CODE GANGSTA

Awesome tools and screencasts for Go programmers.

Dependency Injection in Ruby

Dynamically typed languages like Ruby are an interesting beast when it comes to dependency injection. The topic itself has been debated in the Ruby community every once in a while:

Let me start off by first saying that dependency injection is not a catch-all for managing dependencies in Ruby. There are many other ways to abstract hard dependencies within your code. Today I want to specifically talk about programming to interfaces in Ruby and how to solve the “dependencies” problem in that space.

Programming to Interfaces

A common argument is that Ruby does not need dependency injection because Module mixins exist in the language. Module mixins surely allow implementation details to be abstracted and shared so that change can happen mostly in one place. A Ruby developer must think of the intensions of the Class/Implementation they are composing to correctly identify the solution to managing dependencies.

The Module Approach

Modules provide a clean solution to resolving dependencies, the basic premise looks like this:

module Downloadable
  def download(url)
    # download the url and location
  end
end
class SDK
  include Downloadable

  def install
    download(url)
    ...
  end 
end

This is a great example of how module mixins can be an excellent solution to our problem. Downloadable is completely reusable and can be safely mixed into any other class we want.

The Danger

The dangerous part about all of this is the abuse cases with mixins. When we type:

include Downloadable

We are essentially allowing the Downloadable module to add any number of methods it desires to our class. This pattern can easily veer codebases out of control if it is not monitored properly, so it is not quite a silver bullet for dependency resolution in Ruby.

The attr_inject Approach

Finding out the Modules was a solution to a particular problem and not an solution to the entire problem space encouraged me to go out an write a elegant and Rubyesque dependency injection framework. I call it attr_inject.

Before I go into details I want to spend a little time sharing what I think is a great explanation of the problem we are seeking to solve:

Using dependency injection to shape code relies on your ability to recognize that the responsibility for knowing the name of a class and the responsibility for knowing the name of a message to send to that class may belong in different objects. -Sandi Metz. Practical Object-Oriented Design in Ruby

I love this statement because it essentially says that when I explicitly want to inject something I have to stop thinking of the dependency as a class and start thinking of it as an interface. For instance:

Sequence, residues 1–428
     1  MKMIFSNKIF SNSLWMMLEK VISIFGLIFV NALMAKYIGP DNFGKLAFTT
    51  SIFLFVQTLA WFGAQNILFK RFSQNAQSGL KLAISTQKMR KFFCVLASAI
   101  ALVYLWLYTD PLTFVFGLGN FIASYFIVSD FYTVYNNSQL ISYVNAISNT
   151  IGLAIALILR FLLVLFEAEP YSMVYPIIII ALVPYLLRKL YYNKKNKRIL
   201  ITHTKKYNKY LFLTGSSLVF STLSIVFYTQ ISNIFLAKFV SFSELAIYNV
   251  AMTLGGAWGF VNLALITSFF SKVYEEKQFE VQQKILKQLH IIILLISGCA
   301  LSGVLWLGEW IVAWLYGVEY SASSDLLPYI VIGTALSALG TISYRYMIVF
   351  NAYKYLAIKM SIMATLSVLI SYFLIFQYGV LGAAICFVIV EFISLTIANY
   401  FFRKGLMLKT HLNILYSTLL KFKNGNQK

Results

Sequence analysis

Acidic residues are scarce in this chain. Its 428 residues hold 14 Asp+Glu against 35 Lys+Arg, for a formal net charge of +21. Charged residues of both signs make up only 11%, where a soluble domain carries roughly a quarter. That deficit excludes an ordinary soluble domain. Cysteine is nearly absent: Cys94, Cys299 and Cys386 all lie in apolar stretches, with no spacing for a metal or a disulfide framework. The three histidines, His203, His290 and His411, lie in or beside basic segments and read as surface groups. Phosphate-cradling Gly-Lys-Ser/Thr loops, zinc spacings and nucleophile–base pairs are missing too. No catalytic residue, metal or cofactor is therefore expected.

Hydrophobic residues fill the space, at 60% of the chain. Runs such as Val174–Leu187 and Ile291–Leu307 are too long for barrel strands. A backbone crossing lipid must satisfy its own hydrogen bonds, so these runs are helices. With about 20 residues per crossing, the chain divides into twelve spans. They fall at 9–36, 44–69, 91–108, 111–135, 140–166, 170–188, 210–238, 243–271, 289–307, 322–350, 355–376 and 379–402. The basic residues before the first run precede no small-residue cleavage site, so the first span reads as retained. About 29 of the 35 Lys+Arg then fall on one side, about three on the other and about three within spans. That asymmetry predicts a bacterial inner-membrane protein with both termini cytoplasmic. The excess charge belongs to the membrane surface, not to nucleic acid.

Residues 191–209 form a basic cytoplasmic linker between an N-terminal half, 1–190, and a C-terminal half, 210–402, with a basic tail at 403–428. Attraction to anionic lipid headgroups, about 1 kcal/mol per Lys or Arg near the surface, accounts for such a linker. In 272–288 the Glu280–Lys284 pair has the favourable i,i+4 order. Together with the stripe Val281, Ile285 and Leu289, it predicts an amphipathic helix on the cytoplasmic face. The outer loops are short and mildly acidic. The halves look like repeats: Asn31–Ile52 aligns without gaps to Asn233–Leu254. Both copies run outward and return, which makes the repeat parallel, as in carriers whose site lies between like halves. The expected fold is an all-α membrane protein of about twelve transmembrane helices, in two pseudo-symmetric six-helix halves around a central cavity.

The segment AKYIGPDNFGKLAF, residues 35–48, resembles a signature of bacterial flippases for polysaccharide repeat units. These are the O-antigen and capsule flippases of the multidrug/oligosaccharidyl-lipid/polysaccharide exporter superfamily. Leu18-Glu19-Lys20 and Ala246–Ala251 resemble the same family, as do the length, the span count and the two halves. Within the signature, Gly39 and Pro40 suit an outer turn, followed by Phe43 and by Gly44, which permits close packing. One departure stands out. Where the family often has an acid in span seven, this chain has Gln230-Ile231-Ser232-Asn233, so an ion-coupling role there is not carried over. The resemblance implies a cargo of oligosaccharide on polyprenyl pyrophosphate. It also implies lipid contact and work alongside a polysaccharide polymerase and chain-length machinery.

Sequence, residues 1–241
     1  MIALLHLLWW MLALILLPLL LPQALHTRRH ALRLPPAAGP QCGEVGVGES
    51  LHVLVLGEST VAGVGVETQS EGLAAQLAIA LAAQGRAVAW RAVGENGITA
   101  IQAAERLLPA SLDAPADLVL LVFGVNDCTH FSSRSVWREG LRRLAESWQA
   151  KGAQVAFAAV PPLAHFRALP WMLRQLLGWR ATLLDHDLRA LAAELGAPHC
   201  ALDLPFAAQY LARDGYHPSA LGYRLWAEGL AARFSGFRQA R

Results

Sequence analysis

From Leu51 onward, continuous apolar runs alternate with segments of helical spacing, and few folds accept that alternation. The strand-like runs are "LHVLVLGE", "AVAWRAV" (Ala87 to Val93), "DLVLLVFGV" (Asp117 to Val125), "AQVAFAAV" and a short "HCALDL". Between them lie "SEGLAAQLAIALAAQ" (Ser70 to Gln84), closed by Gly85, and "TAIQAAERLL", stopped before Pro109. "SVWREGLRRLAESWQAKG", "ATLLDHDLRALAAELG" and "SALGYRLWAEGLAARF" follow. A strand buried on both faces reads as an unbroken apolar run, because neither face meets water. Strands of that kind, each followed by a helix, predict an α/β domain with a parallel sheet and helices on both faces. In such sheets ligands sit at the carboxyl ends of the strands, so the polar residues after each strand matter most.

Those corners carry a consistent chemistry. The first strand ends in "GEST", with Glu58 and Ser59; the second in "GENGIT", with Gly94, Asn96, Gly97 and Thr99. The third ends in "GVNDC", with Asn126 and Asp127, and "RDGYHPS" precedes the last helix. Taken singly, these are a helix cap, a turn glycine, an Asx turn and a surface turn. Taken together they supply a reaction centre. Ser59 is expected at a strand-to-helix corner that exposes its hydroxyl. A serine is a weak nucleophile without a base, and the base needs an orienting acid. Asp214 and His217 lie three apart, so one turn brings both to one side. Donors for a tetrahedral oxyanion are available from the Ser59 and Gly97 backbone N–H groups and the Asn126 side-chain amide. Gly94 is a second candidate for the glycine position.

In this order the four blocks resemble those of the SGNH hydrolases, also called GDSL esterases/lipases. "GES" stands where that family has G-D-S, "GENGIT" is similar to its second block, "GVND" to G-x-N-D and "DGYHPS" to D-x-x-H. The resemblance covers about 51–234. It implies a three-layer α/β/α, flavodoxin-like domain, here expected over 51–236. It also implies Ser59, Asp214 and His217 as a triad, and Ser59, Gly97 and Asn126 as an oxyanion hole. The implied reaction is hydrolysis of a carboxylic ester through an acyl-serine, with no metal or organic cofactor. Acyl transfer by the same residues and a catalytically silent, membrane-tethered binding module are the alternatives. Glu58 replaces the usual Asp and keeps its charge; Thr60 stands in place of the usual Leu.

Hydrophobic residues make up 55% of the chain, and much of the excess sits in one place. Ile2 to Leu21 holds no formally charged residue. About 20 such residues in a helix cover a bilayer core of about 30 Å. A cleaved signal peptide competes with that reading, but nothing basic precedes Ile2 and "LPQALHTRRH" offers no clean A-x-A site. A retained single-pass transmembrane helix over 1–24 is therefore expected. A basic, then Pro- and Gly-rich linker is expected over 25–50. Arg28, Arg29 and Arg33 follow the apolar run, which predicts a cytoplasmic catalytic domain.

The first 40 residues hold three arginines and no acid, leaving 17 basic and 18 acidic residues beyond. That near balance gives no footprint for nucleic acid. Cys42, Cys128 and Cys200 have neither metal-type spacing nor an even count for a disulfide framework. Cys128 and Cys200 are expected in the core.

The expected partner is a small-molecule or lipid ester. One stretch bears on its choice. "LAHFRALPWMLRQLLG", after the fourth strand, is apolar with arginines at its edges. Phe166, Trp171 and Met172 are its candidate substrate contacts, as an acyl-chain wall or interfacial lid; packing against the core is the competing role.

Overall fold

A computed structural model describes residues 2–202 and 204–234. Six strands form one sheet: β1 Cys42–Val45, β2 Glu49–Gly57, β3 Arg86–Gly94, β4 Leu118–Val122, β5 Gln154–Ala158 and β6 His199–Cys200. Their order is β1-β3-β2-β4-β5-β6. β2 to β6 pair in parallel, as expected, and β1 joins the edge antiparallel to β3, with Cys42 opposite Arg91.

class User
  def name
    "foobar"
  end

  def age
    22
  end
end
class Project
  def initialize(user)
    @user = user
  end

  def username
    @user.name
  end
end

As far as Project is concerned, @user is an object that responds to the name message. This makes dependency injection shine when used properly.

Flexible DI

In Practical Object-Oriented Design in Ruby, Sandi walks the reader through a real world example, progressively improving how dependencies are managed through injection. Here is a sample of the ultimate solution:

def initialize(args)
  @foo = args.fetch(:foo, 40)
  @bar = args.fetch(:bar, 18)
  @baz = args[:baz]
end

Injecting through the constructor with a hash provides immense flexibility and allows the class to not care about the Module or Class name of the dependency. It also solves the problem of argument order dependencies.

One Step Further

The attr_inject gem takes this pattern one step further. Examine the code below:

def Project
  attr_inject :user
  attr_inject :sdk

  def initialize(args)
    inject_attributes(args)
  end
end

This snippet of code injects the args hash into the Project’s user and sdk attributes. If the user and sdk attributes do not exist, inject_attributes will throw an exception by default. This of course can be configured:

attr_inject :user, :required => false

or

attr_inject :user, :default => some_default

Even Further…

If you are like me and you don’t always want to pass arguments into the object initializer or you want to inject dependencies whenever you want, you can use the Injector class.

class Main
  include Inject

  def initialize()
    injector = Injector.new
    injector.map :user, User.new
    injector.map :sdk, SDK.new  
    
    injector.apply Project.new
  end
end
class Project
  attr_inject :user
  attr_inject :sdk
end

Factories

Sometimes the dependency would like to know some information about the object it is injected into, or the dependency needs to be created specially for each injection. This is where factories come into play.

injector = Injector.new
injector.factory :logger do |target|
  Logger.new target
end

Our logger object will be created upon every injection. You can request the logger object on your class the same way as any other dependency:

attr_inject :logger

Conclusion

attr_inject is an elegant and scalable way to manage dependencies. Documentation is a bit sparse at the moment and I hope to get a tutorial up and going very soon. Please feel free to fork it on Github an play around with it. Let me know what you think!

comments powered by Disqus